From communicating across 65 inhabited islands and 12,000 sq kms, to natural disasters including cyclones, earthquakes, tsunamis and volcanic activity, to resourcing issues, isolation, varying teacher qualifications, and a legacy of two education systems – English and French – the teaching profession in Vanuatu faces many challenges.
Enormous efforts have been underway to overcome those challenges, and earlier this year the QCT hosted three officers from the Vanuatu Teaching Service Commission (TSC) and Ministry of Education who are determined to make a difference to education in their country through teacher registration.
The TSC are working hard to establish professional and ethical standards for teachers, and are focussed on establishing a database of all teachers and their qualifications, as well as promoting good practice in the classroom.
Joe Kalotap, Marcel Yamsiu and Joseph Timatua, pictured above with QCT Director, John Ryan, shared with the QCT how teachers’ qualifications in their country have ranged from no formal teacher education in the past, to diplomas, certificates and degrees.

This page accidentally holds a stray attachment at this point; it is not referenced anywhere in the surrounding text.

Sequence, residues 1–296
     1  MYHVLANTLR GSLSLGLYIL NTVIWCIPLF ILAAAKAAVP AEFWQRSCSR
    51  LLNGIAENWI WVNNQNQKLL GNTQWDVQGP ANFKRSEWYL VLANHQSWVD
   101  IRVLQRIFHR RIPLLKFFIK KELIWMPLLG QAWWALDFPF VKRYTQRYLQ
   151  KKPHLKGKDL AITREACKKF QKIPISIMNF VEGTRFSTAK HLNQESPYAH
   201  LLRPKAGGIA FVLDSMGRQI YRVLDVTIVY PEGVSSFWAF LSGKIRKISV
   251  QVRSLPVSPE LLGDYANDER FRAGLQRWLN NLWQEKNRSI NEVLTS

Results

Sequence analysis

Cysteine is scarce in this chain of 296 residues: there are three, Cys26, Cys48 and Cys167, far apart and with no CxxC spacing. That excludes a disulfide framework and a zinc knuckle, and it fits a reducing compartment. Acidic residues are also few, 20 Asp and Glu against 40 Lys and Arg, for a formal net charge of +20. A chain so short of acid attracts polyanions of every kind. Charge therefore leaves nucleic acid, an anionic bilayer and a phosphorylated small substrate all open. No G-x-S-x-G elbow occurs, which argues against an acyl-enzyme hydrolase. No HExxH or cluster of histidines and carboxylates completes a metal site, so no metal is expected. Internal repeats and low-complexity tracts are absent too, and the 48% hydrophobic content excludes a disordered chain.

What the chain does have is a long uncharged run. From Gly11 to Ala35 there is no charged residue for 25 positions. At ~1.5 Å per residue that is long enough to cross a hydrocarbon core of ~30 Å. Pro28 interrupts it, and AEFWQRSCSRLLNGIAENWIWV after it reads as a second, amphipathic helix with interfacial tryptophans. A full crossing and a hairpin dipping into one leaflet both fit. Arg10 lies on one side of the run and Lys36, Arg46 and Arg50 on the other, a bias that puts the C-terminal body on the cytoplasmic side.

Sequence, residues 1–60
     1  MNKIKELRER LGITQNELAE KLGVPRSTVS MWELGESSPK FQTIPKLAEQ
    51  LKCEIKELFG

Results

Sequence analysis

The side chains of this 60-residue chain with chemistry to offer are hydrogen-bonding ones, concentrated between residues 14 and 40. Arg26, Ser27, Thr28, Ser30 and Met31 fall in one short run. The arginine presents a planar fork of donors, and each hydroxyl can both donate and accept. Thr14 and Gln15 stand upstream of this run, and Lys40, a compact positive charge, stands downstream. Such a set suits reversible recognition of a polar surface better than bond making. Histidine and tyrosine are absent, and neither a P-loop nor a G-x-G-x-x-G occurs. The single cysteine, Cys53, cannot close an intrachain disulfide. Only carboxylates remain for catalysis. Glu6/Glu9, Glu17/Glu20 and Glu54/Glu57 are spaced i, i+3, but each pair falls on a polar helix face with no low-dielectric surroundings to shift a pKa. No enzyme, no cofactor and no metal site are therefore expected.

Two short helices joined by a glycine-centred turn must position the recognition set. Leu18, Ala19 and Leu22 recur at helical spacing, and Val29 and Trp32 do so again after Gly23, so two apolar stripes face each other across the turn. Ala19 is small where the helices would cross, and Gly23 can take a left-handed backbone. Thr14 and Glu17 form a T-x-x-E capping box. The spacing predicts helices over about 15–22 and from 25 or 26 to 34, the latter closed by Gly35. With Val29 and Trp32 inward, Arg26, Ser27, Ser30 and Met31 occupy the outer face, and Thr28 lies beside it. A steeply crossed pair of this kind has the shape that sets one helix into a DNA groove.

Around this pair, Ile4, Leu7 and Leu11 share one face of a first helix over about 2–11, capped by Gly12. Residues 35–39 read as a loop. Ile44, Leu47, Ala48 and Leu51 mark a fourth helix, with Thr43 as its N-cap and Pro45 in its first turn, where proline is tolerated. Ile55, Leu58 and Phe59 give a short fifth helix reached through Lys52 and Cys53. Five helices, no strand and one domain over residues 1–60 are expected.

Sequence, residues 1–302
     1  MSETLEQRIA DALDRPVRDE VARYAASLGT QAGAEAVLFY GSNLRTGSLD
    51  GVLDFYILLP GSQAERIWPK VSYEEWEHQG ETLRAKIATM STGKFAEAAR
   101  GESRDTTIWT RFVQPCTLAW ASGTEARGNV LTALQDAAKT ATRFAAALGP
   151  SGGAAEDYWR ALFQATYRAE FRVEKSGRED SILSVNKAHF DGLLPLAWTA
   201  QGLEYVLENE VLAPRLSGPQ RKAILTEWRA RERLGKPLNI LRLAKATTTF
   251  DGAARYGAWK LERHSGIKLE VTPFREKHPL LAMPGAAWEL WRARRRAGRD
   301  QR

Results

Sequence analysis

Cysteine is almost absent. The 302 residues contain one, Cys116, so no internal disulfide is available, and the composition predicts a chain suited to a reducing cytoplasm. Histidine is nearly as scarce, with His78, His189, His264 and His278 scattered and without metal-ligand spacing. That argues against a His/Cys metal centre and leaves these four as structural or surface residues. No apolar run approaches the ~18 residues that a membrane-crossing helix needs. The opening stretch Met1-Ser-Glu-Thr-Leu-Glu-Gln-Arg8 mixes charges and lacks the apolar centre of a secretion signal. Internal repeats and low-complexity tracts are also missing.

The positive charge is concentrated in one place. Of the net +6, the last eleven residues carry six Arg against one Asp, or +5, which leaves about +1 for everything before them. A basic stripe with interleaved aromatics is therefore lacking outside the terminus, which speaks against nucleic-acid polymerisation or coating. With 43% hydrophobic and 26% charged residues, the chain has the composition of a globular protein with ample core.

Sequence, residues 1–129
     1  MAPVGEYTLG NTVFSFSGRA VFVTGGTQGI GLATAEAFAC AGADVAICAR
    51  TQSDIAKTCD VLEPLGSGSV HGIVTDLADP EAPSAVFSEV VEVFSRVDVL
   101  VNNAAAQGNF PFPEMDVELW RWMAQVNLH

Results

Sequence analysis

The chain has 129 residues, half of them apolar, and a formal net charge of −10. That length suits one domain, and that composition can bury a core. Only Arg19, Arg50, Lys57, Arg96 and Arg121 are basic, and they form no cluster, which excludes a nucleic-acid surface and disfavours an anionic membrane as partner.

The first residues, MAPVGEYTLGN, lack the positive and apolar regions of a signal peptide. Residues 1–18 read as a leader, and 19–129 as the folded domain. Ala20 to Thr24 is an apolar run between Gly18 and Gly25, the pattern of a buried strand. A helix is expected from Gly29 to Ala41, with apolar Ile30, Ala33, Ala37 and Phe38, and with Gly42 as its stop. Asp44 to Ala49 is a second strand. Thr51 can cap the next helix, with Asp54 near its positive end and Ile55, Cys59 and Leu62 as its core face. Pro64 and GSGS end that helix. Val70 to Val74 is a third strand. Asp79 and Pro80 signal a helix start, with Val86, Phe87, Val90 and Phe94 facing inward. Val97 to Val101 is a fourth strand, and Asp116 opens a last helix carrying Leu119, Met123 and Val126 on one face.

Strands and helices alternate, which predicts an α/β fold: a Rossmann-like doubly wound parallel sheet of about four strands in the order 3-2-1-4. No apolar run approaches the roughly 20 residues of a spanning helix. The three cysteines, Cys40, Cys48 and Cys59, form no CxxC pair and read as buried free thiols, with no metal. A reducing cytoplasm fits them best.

Joseph said it was hoped that registration, or licensing as it is called in Vanuatu, would help ensure standards were met by their country’s teachers to ensure improved learning outcomes.
“We will use the registration of the teachers to understand the qualifications and to help the teaching services employers and other stakeholders to find an alternative avenue to upgrade the skills and knowledge of our teachers,” Joseph said.
Marcel said the Ministry of Education had set a benchmark for every primary and secondary school teacher to have a bachelor degree.
Currently it is believed that about 3000 of around 5000 teachers are registered.